Descent into hell
Sewage workers are poorly compensated for injuries and health support
The working conditions of manual scavengers — those who manually clean drains, sewers and septic tanks and remove human excreta — has not changed for decades. Many of them make their way down a manhole wearing next to nothing, and clean sewers with minimal equipment. Once they finish, they cart away the waste without wearing any protective gear. Manual scavenging is considered to be hazardous and could lead to death.
This deplorable practice was banned in India in 1993 but the specific piece of legislation banning it was ineffectively implemented by State governments. In 2012, the Prohibition of Employment as Manual Scavengers and their Rehabilitation Bill was passed but this too has been criticised for significant loopholes. Even today, people continue to die from the practice of manual scavenging.
Media reports, citing data from the government’s National Commission for Safai Karamcharis — a government body — say that 123 people employed to undertake different forms of manual scavenging have lost their lives since January 2017. At least six deaths were reported in mid-September in Delhi this year.
The law states that employment without any protective gear is a cognisable, non-bailable offence. A large majority of manual scavengers face serious health hazards such as poor general health, a high mortality rate, poor nutrition and increased communicable diseases. Surveys show that only 10% of these patients feel positive about their health status and most of them have a very poor quality of life with respect to general health. Physical injuries are among the most common health issues they face followed by infections and lung diseases. The aeration and de-watering process involved in cleaning also introduces droplets and particles into the air, which are inhaled into the lungs, coughed up and swallowed leading to an array of lung and gastro-intestinal diseases.
There have been several studies conducted which show that respiratory diseases are the commonest ailment among sewage workers. A majority of them have abnormal lung function due to exposure to inhaled endotoxins and airborne bacteria. Scavengers are most often exposed to dangerous fumes such as hydrogen disulphide, methane, ammonia and carbon monoxide. Almost 52.6% of patients develop respiratory problems. Studies show that increasing exposure to hydrogen sulphide causes reduced lung volume. Exposure to chemicals during the removal of excretory waste commonly leads to chronic cough, breathlessness, and a tightening in the chest. Chemicals can also enter their bodies through the skin leading to dermatitis and skin infections. Scavengers also complain about spinal problems. This is frequently due to slipped disc and osteoarthritis — a joint diseasethat results from a breakdown of joint cartilage and the underlying bone.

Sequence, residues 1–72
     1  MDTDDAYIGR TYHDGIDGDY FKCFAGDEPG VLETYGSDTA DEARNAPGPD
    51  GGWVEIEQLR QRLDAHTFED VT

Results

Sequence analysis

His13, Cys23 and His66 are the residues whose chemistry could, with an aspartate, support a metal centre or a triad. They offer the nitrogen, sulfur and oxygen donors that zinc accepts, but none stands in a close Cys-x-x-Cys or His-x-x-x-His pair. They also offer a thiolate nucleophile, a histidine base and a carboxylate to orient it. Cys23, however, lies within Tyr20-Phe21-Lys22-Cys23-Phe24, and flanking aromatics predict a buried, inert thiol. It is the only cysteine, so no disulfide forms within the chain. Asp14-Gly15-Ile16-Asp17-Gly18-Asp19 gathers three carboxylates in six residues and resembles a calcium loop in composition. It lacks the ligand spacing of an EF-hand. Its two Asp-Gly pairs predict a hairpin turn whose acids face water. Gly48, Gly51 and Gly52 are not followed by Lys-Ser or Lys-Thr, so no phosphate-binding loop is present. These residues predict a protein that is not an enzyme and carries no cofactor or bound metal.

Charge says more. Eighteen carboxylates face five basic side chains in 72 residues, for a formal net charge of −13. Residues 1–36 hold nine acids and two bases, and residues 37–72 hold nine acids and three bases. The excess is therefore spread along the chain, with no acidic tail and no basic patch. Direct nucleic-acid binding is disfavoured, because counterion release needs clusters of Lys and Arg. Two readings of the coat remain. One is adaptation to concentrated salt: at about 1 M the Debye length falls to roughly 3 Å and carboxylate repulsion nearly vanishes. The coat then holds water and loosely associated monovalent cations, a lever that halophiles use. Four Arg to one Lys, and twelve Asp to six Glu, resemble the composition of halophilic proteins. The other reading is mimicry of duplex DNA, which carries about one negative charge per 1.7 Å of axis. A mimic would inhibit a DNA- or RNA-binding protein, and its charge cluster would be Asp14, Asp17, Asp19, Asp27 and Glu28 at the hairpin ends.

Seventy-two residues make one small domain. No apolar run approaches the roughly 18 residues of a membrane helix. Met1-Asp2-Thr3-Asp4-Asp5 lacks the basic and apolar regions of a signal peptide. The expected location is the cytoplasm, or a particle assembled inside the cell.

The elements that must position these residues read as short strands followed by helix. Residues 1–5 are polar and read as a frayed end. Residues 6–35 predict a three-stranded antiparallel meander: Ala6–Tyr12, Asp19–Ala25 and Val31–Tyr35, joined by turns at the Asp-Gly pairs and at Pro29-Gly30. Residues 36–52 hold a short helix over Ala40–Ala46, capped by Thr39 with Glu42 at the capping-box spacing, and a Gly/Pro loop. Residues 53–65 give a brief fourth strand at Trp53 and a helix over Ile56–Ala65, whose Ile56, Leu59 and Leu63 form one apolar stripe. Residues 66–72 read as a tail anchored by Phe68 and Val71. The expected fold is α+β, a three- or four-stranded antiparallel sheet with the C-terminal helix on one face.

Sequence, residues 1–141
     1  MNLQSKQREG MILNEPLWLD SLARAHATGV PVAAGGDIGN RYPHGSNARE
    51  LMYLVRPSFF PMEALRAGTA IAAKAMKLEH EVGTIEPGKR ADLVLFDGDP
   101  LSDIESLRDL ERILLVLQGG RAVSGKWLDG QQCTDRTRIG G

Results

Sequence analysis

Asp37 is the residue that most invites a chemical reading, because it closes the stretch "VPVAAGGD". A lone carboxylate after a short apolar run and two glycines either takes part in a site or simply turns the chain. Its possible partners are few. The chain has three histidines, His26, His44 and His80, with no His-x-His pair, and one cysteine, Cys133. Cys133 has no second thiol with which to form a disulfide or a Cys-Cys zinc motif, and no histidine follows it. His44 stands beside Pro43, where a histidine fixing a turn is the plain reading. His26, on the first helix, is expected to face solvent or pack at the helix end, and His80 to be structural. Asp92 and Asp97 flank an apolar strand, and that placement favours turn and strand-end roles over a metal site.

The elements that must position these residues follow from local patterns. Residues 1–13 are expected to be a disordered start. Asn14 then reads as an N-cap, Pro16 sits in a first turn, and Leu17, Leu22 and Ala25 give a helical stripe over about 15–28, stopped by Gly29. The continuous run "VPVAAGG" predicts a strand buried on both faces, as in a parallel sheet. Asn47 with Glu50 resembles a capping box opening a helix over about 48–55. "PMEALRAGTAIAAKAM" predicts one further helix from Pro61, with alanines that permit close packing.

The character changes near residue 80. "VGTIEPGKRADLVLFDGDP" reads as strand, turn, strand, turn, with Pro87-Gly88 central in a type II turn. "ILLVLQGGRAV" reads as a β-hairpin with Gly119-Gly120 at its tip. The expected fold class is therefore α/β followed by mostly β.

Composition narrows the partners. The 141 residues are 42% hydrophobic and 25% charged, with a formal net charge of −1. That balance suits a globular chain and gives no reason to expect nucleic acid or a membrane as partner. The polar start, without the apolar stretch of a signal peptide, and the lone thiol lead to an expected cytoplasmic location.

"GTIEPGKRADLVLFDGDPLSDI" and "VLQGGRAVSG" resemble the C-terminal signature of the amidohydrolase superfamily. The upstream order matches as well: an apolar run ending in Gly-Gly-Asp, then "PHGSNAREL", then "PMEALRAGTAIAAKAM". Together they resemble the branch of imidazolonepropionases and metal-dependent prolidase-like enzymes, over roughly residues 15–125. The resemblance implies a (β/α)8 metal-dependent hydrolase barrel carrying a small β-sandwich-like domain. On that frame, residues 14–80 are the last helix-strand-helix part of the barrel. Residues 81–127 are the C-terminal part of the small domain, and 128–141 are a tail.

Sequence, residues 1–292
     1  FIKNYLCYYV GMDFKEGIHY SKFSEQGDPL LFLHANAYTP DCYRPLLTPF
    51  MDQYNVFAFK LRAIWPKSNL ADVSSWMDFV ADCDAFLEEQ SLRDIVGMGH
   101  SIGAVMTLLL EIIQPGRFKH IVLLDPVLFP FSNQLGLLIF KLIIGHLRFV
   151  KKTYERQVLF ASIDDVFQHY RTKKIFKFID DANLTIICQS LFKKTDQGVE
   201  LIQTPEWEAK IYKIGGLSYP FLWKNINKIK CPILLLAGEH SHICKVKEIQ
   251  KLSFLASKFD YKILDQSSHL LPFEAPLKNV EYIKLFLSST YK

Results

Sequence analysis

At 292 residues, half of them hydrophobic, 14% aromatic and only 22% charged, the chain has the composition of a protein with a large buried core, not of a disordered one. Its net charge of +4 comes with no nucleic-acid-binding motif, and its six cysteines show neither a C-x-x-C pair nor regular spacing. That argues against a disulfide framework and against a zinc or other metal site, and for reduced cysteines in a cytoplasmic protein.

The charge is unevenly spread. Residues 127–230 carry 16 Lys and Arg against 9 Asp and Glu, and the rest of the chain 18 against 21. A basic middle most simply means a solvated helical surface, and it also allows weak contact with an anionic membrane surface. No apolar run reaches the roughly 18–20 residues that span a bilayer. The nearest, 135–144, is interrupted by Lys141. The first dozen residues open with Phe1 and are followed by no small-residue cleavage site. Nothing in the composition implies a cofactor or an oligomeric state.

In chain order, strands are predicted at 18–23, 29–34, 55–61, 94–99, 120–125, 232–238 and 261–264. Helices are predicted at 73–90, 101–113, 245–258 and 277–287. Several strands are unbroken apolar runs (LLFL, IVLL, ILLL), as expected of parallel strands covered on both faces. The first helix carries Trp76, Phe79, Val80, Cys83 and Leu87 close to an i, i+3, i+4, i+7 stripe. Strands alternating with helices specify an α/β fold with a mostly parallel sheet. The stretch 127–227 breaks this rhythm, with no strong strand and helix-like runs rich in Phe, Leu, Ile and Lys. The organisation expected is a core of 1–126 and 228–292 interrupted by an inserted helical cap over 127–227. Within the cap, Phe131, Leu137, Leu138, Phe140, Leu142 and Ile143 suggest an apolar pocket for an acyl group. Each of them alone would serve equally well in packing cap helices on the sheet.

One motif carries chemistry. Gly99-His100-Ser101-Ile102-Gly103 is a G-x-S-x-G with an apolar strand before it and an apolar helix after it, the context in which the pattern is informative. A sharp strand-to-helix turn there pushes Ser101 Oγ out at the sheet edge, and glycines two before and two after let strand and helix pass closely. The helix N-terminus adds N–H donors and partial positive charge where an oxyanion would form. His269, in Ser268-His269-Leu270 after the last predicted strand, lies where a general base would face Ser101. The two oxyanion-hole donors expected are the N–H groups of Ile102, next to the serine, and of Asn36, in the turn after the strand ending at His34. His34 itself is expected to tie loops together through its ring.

Hydrogen sulphide (H2S) is the main determinant of health problems. In low concentrations, it is an eye and a lung irritant. H2S gets absorbed in the lungs and is oxidised to form compounds that are toxic. In higher doses, it can trigger headaches that may last for several hours, trigger a pain in the legs and even lead to a loss of consciousness. Inhaling large amounts rapidly produces anoxia resulting in convulsions and death by asphyxiation.
Other infections that are common are leptospirosis which affects people coming into contact with animals and their excrement. Rodents commonly infest sewers and carry leptospira which is found in the urine of infected rodents. Sewage workers are also exposed to other infectious agents such as Helicobacter pylori and the hepatitis virus. Inhaled aerosols contain pseudomonas, streptococcus, clostridium, mycobacterium and enteric viruses.
Developed countries permit sewer workers to go about their work only after training, and they are provided with a proper suit and respiratory apparatus to protect themselves. As India’s population grows, sewage management cannot be ignored. Sewage workers are poorly compensated for injuries and health support. There is an urgent need for outreach programmes that will help in educating sanitation workers about hygiene, safe-health practices and generating awareness about their legal rights.
Dr. Samskruti P. Murthy is Consultant Head and Neck Oncologist, BGS Gleneagles Global Hospitals, Bengaluru